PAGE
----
After flying in on Batik Air from Jakarta which landed at Terminal 3, I took the Skytrain to Terminal 1 which is where the Qantas First Lounge is located.
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If you are not already at the airport, after clearing customs in Terminal 1, turn right and walk until you see the Hermes shop on the right. Hop on the escalator to the top and the Qantas First lounge is straight up, not too far from the rather mediocre Marhaba Lounge.
Inside the Lounge
As you make your way through the frosty doors, there is a small reception desk on the right. I was greeted by the friendly staff who scanned my boarding pass and welcomed me into the facility.
A few steps down from reception, a long corridor runs the length of the lounge unveiling its full glory. First up you have the formal seating area on the right which takes up about a quarter of the real estate. Occupancy at the time would have been North of 50% which meant that I couldn’t get a clear shot of this space.
There is a dedicated work space on the right just after the reception desk. It was quite busy and there was no opportunity to take pictures. Power outlets and USB ports are spread throughout the seating area and the work zone where you could set up your laptop or other electronics and get going.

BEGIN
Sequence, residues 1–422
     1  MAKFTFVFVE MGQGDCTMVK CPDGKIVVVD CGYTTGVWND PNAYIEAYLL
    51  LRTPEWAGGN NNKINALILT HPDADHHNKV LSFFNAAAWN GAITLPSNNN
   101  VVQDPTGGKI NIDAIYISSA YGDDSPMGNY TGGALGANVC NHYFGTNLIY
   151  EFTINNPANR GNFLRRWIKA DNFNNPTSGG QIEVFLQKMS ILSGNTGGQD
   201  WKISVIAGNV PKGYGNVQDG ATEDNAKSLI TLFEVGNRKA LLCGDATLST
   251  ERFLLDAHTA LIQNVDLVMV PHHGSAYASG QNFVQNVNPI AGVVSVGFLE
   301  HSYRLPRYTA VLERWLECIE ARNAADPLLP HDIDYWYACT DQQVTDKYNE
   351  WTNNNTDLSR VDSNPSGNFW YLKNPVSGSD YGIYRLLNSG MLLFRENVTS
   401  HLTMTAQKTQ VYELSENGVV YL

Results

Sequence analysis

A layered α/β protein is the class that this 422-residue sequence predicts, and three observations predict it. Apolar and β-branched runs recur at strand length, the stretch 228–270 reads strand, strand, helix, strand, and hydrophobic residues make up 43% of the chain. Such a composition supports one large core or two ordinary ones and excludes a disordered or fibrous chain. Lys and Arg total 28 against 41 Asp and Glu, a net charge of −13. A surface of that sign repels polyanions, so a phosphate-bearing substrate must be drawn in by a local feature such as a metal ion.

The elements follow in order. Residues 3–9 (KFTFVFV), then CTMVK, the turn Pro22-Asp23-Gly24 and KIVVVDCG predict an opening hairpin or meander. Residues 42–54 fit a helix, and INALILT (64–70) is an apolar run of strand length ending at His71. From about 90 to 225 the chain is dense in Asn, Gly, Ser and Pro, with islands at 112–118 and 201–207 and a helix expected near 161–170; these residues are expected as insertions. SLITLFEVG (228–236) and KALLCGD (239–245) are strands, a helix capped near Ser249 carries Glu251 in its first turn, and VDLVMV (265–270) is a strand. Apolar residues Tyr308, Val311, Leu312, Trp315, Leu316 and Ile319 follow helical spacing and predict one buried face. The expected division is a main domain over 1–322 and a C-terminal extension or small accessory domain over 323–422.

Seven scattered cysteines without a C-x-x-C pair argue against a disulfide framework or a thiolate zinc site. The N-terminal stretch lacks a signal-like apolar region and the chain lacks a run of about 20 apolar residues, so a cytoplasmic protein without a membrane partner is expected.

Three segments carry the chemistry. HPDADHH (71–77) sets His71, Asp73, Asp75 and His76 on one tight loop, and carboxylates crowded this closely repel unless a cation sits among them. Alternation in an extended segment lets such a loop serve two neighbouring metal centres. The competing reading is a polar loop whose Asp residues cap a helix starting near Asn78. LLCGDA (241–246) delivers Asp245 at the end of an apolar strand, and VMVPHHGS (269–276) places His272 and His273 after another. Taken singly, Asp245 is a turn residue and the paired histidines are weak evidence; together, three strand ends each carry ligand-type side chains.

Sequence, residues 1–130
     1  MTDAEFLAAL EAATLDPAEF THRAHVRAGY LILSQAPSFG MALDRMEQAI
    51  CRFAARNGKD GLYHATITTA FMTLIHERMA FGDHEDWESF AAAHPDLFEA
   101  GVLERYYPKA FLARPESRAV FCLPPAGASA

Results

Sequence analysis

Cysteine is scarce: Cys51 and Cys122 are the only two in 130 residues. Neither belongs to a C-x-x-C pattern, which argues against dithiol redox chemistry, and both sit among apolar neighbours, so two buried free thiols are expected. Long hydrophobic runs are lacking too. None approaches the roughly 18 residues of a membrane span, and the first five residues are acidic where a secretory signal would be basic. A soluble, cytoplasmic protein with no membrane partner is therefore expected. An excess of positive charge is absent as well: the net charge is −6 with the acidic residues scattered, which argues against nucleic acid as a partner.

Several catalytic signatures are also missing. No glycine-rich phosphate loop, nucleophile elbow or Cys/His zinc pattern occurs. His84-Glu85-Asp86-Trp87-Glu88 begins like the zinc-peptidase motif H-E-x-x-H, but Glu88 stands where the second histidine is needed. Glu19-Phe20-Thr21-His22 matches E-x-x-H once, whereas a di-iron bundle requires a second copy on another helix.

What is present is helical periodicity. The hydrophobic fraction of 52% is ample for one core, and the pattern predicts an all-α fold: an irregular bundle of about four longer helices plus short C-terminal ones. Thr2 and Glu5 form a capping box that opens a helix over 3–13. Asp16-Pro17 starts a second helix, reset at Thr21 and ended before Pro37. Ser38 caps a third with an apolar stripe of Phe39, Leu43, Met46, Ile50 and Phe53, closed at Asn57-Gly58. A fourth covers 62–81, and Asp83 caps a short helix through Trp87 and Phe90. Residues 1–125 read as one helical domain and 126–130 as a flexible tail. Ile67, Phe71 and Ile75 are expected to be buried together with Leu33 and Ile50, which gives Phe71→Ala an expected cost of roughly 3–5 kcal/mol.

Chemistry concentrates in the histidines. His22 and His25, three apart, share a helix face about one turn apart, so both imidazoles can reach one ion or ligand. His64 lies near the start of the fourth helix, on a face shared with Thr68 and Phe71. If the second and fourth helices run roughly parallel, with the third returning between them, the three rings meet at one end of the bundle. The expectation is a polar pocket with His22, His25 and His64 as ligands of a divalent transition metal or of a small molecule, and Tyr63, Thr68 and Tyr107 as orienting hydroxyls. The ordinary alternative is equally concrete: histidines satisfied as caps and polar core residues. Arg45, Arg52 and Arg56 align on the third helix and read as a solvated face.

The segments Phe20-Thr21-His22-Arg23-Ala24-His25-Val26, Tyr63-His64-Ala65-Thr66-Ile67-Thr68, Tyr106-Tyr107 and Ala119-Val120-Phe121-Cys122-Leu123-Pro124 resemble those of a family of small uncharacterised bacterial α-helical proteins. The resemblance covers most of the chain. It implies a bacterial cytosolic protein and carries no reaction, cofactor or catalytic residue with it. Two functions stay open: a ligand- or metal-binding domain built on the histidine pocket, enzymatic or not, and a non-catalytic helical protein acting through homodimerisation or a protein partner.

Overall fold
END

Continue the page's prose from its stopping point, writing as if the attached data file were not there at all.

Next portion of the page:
The dining space follows the seating area. Here, you will find some high-top seating;
plus dozens of tables and chairs laid-out in a restaurant style set-up.
There is another, smaller dining space on the left with darker tones. This section contains a small number of stand-alone tables and chairs as well as a wrap-around, padded bench exuding a casual vibe.
Then towards the end of the hallway, you have the LIVE kitchen where you can watch the chefs go through their routine and rustle up mouth-watering dishes which Qantas loyalists have come to adore over the years.
There’s also a limited number of bar-stools where you can take up a seat if the main dining section was at capacity or if you simply wanted some solitude.
Food & Drinks
The catering at the lounge is of exceptional quality. As I approached the dining area, I was met by one of the many immaculately dressed staff who escorted me to my table.
Within a couple of minutes of taking my seat, a chilled towel and a small serve of mixed olives dipped in olive oil were brought out.
A combined drinks and dining menu was presented. I wasn’t very hungry at the time so just ordered the Ginger and Lemon Kombucha.
The Kombucha was alright but I wanted something smoother. So I flagged down one of the servers and queried what champagne they were serving. The options were Joseph Perrier or Taittinger, I settled for the latter.
I paired it up with a cheese plate & crackers which interacted nicely with the delicate bubbles in champagne.
After an hour and so and many champagne glasses later I ordered the signature laksa. While the humble laksa is most commonly thought of as an inexpensive street food served with chicken or prawn, here at the lounge they have put a little of bit of Singaporean flare to it by serving it with crayfish.